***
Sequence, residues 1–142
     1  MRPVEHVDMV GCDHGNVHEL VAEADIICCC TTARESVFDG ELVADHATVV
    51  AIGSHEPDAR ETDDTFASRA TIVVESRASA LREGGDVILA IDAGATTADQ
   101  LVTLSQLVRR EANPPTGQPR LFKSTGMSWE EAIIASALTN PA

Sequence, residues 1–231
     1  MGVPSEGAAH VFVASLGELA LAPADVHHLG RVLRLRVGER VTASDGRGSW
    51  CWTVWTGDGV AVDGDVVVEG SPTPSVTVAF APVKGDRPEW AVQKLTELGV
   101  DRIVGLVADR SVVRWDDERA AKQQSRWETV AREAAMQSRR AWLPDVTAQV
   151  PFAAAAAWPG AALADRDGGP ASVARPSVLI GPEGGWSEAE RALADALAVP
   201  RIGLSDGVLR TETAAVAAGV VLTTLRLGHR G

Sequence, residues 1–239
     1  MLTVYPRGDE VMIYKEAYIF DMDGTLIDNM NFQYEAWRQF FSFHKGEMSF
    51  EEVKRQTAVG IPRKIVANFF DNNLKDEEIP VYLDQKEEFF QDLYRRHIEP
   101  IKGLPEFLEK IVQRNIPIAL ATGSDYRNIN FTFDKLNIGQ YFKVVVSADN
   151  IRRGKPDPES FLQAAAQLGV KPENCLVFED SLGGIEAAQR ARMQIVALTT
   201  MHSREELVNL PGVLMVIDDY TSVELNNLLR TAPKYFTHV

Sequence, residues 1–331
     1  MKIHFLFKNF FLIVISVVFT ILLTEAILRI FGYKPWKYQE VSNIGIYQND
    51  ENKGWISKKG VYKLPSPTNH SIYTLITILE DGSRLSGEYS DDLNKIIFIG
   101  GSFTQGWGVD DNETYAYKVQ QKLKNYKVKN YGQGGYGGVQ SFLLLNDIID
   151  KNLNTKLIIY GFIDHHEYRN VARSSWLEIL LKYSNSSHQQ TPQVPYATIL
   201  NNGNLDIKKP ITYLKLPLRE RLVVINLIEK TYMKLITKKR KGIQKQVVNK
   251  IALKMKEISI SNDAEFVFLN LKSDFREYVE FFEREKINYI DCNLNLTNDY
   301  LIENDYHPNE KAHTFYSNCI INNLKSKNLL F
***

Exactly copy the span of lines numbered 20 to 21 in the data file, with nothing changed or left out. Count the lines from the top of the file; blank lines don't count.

   101  GSFTQGWGVD DNETYAYKVQ QKLKNYKVKN YGQGGYGGVQ SFLLLNDIID
   151  KNLNTKLIIY GFIDHHEYRN VARSSWLEIL LKYSNSSHQQ TPQVPYATIL